SERAP Sues Buhari, Lai over Failure to Publish Agreement with Twitter

todayFebruary 14, 2022 2

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Udora Orizu in Abuja

The Socio-Economic Rights and Accountability Project (SERAP) has filed a lawsuit against President Muhammadu Buhari over the failure to publish the terms and conditions of the agreement, which the federal government recently signed with Twitter Inc. before the lifting the ban on the micro-blogging and social networking service in Nigeria.

Joined in the suit, as respondent, was Minister of Information and Culture, Alhaji Lai Mohammed.

The federal government had in January lifted the suspension of Twitter operation in Nigeria, stating, “Twitter has agreed to act with a respectful acknowledgement of Nigerian laws and the national culture and history.”
But in the suit, FHC/L/CS/238/2022, filed last Friday, at the Federal High Court, Lagos, SERAP asked the court to direct and compel Buhari and Mohammed to release and widely publish copy of the agreement with Twitter, and the terms and conditions of any such agreement.

In the suit, SERAP argued that it was in the interest of justice to grant the application, saying publishing the agreement would enable Nigerians to scrutinise it, seek legal remedies as appropriate and ensure that the conditions for lifting the suspension of Twitter were not used as pretexts to suppress legitimate discourse.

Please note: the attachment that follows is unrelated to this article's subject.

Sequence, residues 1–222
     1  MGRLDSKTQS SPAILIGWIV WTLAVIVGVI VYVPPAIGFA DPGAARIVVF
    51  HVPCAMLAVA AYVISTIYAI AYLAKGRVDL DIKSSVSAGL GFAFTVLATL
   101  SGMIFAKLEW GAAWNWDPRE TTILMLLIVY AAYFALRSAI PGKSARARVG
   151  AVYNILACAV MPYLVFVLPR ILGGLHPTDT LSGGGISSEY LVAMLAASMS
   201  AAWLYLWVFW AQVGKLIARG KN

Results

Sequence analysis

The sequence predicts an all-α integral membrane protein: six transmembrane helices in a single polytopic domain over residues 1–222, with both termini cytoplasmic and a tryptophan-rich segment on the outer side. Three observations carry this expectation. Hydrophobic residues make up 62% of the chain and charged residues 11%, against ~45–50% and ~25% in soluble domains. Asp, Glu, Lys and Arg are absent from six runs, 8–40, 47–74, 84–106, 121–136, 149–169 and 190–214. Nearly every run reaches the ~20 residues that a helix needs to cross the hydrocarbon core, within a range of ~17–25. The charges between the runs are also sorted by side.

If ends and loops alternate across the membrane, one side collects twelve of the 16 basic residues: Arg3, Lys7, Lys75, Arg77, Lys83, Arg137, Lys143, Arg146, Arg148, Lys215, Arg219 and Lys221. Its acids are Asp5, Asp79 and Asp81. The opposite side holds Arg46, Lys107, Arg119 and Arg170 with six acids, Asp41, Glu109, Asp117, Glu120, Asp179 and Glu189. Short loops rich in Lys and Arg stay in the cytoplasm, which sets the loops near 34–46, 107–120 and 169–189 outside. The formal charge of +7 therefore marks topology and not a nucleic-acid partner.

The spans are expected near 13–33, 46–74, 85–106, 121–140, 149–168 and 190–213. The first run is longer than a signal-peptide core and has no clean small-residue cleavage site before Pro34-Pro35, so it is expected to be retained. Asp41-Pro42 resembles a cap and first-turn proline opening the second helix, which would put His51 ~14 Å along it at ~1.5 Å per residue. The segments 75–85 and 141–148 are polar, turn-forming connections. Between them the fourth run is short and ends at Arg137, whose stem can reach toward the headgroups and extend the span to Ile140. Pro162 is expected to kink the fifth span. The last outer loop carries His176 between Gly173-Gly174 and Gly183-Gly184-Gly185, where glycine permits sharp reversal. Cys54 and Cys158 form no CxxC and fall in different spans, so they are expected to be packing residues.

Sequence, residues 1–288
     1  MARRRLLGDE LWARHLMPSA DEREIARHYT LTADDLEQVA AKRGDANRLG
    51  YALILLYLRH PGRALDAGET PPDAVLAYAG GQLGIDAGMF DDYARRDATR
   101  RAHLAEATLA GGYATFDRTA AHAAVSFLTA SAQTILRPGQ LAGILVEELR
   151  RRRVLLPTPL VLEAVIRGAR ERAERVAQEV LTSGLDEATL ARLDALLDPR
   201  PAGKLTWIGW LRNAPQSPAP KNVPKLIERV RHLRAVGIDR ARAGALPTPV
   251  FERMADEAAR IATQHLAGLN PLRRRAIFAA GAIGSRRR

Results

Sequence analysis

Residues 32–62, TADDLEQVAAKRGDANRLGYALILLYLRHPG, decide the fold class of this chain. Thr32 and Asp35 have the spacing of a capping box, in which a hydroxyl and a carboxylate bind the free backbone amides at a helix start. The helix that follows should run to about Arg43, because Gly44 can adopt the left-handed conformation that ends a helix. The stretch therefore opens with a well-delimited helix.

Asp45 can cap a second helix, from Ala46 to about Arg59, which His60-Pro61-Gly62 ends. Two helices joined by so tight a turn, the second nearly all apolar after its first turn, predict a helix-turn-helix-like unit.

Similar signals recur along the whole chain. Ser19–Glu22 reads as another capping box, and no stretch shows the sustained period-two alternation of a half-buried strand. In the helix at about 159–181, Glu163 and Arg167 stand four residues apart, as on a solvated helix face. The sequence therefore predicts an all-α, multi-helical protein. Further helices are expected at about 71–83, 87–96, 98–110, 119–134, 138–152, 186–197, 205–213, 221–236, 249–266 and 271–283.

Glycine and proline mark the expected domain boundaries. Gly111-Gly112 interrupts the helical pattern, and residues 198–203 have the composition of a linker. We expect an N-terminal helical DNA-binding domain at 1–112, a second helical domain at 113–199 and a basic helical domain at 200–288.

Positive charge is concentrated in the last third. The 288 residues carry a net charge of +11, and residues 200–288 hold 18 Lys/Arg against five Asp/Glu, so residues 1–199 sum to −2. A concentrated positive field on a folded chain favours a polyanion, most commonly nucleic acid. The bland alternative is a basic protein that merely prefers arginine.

SERAP while noting that the minister responded to its freedom of information request, however said his response was completely unsatisfactory, as he merely stated that the details were in the public space, without sending a copy of the agreement as requested.

The suit filed on behalf of SERAP by its lawyers Kolawole Oluwadare and Opeyemi Owolabi, read in part, “Nigerians are entitled to their human rights, such as the rights to freedom of expression, access to information, privacy, peaceful assembly and association, as well as public participation both offline and online.
“The operation and enforcement of the agreement may be based on broadly worded restrictive laws, which may be used as pretexts to suppress legitimate discourse, interfere with online privacy, and deter the exercise of freedom of opinion and expression.

“The statement by the federal government announcing the lifting of the suspension of Twitter after seven months used overly broad terms and phrases like ‘prohibited publication’, ‘Nigerian laws’, ‘national culture and history.’ These open-ended terms and phrases may be used to suppress legitimate exercise of human rights online. Any agreement with social media companies must not be used as a ploy to tighten governmental control over access to the internet, monitor internet activity, or to increase online censorship and the capacity of the government to restrict legitimate online content, contrary to standards on freedom of expression and privacy.

“Section 39 of the Nigerian Constitution 1999 [as amended], article 9 of the African Charter on Human and Peoples’ Rights and article 19 of the International Covenant on Civil and Political Rights guarantee the right to hold opinions without interference, and the right to seek, receive and impart information and ideas of all kinds, regardless of frontiers and through any medium.

“The government has a legal obligation to promote universal Internet access, media diversity and independence, as well as ensure that any agreements with Twitter and other social media companies are not used to impermissibly restrict these fundamental human rights. No date has been fixed for the hearing of the suit.”

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